BloggersDavid Reich-Hale Denise M. Bonilla Sophia Chang Tara Conry Carl Corry Erin Geismar Scott Eidler Mackenzie Issler Carl MacGowan Deborah S. Morris Ted Phillips Candice Ruud Nicholas Spangler Joshua Stewart
Manhasset synagogue, Americorps Sandy volunteers break bread
When superstorm Sandy hit Long Island in October, donations of clothing, food and cleaning supplies reached overwhelming levels, leaving some looking for different ways to offer support.
Carol Blumenthal of Roslyn was seeking just such an opportunity at a December meeting of the Long Island Voluntary Organization Active in Disaster (LIVOAD), which coordinated the volunteer and government agencies involved in the Sandy recovery and relief effort. There she met Will Burks, team leader of Americorps St. Louis Emergency Response, who had traveled with his team to assist in rebuilding homes on the South Shore of Long Island.
“I asked him what they were eating, and he showed us these freeze-dried packaged meals,” Blumenthal said. “I said, ‘Oh, we can fix that.’”
PHOTOS: LI damage | Then and now | Aerial views
VIDEOS: Recovery still in progress | Desperate for buyout
DATA: Federal aid to victims | Storm damage | Infrastructure proposals | LI storm damage | How LI reps voted on Sandy funding
MORE: Year after Sandy interactive | Complete coverage
Blumenthal enlisted the help of her temple congregation, the Reconstructionist Synagogue of the North Shore in Manhasset, and formed a relief group to cook meals and collect supplies for the Americorps volunteers.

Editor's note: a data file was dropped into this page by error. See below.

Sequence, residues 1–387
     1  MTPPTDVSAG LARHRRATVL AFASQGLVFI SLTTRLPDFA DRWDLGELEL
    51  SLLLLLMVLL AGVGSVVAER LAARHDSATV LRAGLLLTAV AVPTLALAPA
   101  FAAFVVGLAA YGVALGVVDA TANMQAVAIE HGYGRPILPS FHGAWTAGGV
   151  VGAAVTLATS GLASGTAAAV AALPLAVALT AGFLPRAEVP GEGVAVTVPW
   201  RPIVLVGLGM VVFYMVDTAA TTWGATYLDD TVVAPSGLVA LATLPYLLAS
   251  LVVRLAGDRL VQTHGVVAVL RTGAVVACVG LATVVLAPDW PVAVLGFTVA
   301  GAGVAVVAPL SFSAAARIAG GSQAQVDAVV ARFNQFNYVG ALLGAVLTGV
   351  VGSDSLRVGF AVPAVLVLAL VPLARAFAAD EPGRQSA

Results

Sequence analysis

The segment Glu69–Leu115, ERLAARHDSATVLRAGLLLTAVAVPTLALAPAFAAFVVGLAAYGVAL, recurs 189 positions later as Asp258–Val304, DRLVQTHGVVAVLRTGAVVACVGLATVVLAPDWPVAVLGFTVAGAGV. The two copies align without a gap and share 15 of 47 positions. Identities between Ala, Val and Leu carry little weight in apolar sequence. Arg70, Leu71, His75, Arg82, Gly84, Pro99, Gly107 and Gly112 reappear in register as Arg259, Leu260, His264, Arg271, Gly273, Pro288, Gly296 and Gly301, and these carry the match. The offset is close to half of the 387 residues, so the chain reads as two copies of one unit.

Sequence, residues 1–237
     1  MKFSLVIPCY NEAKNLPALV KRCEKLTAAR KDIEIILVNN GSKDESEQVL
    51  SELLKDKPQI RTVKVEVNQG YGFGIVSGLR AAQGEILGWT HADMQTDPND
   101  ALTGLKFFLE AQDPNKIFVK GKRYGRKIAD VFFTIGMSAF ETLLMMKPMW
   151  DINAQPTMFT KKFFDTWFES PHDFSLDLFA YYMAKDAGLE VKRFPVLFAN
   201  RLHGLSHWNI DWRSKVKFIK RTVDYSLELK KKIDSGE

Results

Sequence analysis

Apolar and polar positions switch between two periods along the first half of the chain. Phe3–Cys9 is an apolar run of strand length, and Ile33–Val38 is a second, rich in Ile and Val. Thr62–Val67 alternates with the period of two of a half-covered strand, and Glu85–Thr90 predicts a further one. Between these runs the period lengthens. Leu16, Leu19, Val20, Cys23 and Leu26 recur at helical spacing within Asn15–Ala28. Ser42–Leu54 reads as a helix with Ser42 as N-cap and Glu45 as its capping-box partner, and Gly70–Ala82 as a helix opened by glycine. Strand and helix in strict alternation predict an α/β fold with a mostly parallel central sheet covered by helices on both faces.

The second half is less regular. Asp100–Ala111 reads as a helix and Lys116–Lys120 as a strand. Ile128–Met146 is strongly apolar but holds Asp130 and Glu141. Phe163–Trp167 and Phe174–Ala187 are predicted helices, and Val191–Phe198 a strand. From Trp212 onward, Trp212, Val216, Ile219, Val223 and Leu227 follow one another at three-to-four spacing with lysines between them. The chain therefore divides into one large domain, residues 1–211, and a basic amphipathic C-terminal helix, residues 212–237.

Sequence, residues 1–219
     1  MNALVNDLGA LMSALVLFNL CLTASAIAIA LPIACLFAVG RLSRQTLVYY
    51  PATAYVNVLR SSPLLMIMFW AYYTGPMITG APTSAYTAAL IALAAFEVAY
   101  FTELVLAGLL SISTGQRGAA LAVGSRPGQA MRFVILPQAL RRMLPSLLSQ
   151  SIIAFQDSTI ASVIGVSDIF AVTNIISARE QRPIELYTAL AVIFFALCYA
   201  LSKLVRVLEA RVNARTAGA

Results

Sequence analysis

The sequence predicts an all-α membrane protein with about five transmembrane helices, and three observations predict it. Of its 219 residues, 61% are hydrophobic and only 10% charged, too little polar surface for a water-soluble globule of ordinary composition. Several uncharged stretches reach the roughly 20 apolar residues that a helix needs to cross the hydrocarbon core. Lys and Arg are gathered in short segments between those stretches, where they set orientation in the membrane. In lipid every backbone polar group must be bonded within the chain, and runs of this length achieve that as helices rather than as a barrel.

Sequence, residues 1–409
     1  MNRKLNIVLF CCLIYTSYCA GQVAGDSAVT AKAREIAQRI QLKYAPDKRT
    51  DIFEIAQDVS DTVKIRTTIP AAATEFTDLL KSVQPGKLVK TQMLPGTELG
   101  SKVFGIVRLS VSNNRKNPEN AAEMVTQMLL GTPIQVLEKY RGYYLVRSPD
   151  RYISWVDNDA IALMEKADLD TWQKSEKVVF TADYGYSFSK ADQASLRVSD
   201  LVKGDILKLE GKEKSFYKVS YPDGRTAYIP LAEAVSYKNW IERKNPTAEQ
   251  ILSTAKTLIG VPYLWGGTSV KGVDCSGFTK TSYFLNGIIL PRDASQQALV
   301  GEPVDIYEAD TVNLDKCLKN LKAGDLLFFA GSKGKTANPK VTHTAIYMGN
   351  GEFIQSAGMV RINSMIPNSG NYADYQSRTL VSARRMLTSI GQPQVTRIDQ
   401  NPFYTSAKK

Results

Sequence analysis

“There was an immediate response,” Blumenthal said. Members of the congregation took turns cooking meals each night and delivering the food to the Americorps team’s temporary house in Garden City.
“We work really long hours, and it’s so nice to come home at 8 p.m. and not have to cook,” Americorps volunteer Sara Levine, 24, of Detroit, said. “Our members are really grateful and they wanted a chance to say thank you in person.”
Levine and eight of her fellow volunteers got that chance on Friday night, when the Reconstructionist Synagogue held a Sabbath dinner honoring the two groups’ cooperation.
The evening began with the ritual of baking challah bread. Americorps volunteers joined the younger members of the congregation in rolling and braiding dough. The bread was then broken and shared during dinner, when the volunteers were asked to sit among the congregation and speak about their recovery efforts.
Chelsea Catalano, 22, of Mitchell, S.D., joined Americorps St. Louis in September 2012. She came to Long Island in January, and has been involved in the daily demolition and mold suppression of houses in Long Beach.
“I’m always amazed at how grateful the families are that we’re tearing apart their houses,” Catalano said.
Between 12 and 30 members of the St. Louis branch have been rotating in and out of Long Island, working six days per week since November. The Reconstructionist Synagogue, whose congregation consists of many mental health professionals, stepped in to offer their services to the overworked team.
Susan Liberstein, a school psychologist from Port Washington, visited the Americorps house to speak with the volunteers about the issues they were dealing with.
“That night gave them a chance to talk about what they were doing and what they can do to help them deal with their stress,” Liberstein said.
The Sabbath dinner was followed by a religious service, which the Americorps volunteers attended.
“The ritual of Sabbath is an essential way to close the week for us,” said Rabbi Jodie Siff, “and we felt that including them [the Americorps volunteers] in our religious tradition was a nice way to culminate their time here.”